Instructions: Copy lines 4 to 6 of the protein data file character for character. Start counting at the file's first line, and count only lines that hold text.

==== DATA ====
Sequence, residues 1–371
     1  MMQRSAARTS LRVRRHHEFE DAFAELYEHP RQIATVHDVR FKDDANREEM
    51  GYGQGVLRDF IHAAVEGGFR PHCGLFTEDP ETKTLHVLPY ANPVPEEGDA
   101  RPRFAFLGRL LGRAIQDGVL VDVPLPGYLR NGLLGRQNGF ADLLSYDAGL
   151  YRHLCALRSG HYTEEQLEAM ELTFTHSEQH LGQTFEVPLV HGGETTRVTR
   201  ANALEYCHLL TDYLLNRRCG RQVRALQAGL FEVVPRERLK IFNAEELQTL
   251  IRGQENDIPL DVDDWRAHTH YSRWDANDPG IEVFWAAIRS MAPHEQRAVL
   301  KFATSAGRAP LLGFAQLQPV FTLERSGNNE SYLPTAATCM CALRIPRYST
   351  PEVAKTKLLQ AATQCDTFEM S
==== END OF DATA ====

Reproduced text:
   101  RPRFAFLGRL LGRAIQDGVL VDVPLPGYLR NGLLGRQNGF ADLLSYDAGL
   151  YRHLCALRSG HYTEEQLEAM ELTFTHSEQH LGQTFEVPLV HGGETTRVTR
   201  ANALEYCHLL TDYLLNRRCG RQVRALQAGL FEVVPRERLK IFNAEELQTL